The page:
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How Much Are You Willing to Pay for Green and Energy Saving Hotel Amenities?

November 29, 2013 at 12:23 PM | by | Comment (1)

Even though common sense tells us that"green initiatives," such as not washing towels and sheets every day, should make things cheaper in the long run, we haven't exactly been seeing hotel rates drop just because a property puts a card on our pillow and a key-activated power switch on the wall.

Sometimes it seems like hotels regard these features as things they might even be able to charge more for, as if they were some must-have amenity that directly enhances our stay.

And we guess part of that makes sense, since big projects, such as installing wind turbines on the roof, are the equivalent of a renovation for hotels and come with an upfront cost. We'd be silly to think part of that cost wouldn't be passed on to the consumer.

That said, we've entered a time where consumers, ourselves included, value energy-saving initiatives and want to see hotels go forward with them. Our question to you today on Black Friday seems even more relevant considering you're probably busy chucking deuces (the two-dollar bill kind): If hotels decide to "renovate" and pony up to "go green," are you willing to back them up and pay a higher rate?

We don't see the decision to be different from any other type of renovation - either the investment is going to pay off or it isn't. And as much as we would all like to think otherwise and that hotels would do it out of the goodness of their hearts, the effort will not be made unless it makes sense on the balance sheet.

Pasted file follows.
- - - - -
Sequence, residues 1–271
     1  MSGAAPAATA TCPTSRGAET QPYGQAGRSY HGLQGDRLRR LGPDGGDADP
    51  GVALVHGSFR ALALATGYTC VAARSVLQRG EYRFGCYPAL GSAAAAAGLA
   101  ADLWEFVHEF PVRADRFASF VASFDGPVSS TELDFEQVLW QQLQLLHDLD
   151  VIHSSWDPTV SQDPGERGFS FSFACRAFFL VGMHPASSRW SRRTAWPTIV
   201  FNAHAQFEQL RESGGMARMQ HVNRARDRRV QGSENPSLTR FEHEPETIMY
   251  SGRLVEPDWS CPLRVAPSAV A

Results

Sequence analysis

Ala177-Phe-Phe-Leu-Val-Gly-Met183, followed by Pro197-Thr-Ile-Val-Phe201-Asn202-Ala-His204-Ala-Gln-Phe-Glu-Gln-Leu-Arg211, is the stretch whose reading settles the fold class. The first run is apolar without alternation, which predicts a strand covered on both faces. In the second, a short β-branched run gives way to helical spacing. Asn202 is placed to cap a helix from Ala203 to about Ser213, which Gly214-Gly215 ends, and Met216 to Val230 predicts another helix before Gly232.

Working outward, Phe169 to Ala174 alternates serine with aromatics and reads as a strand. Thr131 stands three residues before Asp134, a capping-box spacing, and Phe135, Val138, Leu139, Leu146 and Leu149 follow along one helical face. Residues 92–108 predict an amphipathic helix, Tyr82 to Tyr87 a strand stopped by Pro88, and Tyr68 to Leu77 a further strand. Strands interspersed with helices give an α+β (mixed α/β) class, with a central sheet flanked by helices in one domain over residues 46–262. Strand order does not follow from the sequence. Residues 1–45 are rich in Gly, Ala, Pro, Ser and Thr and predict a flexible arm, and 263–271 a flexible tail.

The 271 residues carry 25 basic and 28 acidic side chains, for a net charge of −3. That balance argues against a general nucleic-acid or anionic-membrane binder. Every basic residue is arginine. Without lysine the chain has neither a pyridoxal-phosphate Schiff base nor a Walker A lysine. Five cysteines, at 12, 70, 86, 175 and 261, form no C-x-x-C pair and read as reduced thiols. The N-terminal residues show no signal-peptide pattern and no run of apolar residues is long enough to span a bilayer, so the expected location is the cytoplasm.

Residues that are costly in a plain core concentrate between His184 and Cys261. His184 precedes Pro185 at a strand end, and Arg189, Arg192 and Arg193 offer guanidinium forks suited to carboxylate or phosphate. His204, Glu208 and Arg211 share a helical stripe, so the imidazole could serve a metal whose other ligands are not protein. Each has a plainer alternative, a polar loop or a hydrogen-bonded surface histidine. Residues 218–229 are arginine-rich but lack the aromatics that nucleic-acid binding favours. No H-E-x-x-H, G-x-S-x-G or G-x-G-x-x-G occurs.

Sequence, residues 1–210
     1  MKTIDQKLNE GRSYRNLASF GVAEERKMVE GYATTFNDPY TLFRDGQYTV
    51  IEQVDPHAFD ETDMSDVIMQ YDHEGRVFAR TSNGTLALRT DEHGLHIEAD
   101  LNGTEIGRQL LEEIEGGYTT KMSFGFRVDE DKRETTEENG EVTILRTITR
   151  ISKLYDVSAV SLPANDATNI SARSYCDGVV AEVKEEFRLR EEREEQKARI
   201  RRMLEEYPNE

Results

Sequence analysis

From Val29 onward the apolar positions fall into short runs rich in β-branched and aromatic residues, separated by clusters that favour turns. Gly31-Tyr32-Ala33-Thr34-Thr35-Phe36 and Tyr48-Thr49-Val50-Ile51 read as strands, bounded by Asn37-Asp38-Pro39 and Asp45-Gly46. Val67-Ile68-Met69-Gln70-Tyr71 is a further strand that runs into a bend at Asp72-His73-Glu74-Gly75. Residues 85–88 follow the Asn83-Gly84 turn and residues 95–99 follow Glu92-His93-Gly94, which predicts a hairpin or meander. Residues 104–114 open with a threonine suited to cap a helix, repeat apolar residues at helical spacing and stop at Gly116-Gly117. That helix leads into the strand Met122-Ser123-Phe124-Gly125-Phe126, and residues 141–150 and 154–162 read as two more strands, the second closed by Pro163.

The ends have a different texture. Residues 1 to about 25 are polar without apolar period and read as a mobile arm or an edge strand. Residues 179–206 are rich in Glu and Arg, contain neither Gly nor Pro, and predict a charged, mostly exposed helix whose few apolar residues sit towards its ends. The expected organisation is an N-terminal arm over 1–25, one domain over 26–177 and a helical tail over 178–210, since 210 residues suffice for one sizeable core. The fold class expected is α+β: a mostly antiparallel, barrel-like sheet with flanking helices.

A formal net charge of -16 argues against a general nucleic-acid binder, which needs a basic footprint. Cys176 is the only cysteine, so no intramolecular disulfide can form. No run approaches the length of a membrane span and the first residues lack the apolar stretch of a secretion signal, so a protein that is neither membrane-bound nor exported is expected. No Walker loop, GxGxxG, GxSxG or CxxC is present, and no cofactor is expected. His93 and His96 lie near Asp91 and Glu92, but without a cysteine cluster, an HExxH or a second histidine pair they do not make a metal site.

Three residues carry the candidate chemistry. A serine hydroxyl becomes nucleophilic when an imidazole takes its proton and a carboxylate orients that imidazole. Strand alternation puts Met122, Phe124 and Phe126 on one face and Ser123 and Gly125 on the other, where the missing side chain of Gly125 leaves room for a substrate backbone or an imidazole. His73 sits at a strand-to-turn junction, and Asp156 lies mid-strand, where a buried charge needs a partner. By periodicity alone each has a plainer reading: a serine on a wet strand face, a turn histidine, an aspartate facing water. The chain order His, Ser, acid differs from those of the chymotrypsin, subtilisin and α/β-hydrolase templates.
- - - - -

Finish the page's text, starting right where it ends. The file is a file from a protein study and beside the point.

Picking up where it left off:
Ultimately, we expect (and demand) that the energy savings and efficiency gained by hotels be passed on to us via a reduced rate in the long run - aka we will not accept or support hotels that use "going green" as a marketing campaign only - but for now we can say that we are happy to help fund the transition and pay a little more. An extra ten or twenty bucks a night in exchange for a more responsible effort when it comes to conserving our resources seems reasonable to us.

[Photos: Uniceng]

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Profits not Savings

Call me cynical, but I doubt that any money saved through green initiatives will ever translate into cheaper rates. Hotels that offer bonus frequent guest points for foregoing daily housekeeping know that the cost provide those points is less than the cost to clean the room.

Any monetary savings will end up helping the bottom line. For the record, that's not a bad thing if it doesn't cost the guest anything. But, the idea guests should pay more to fund green projects is a bad one.

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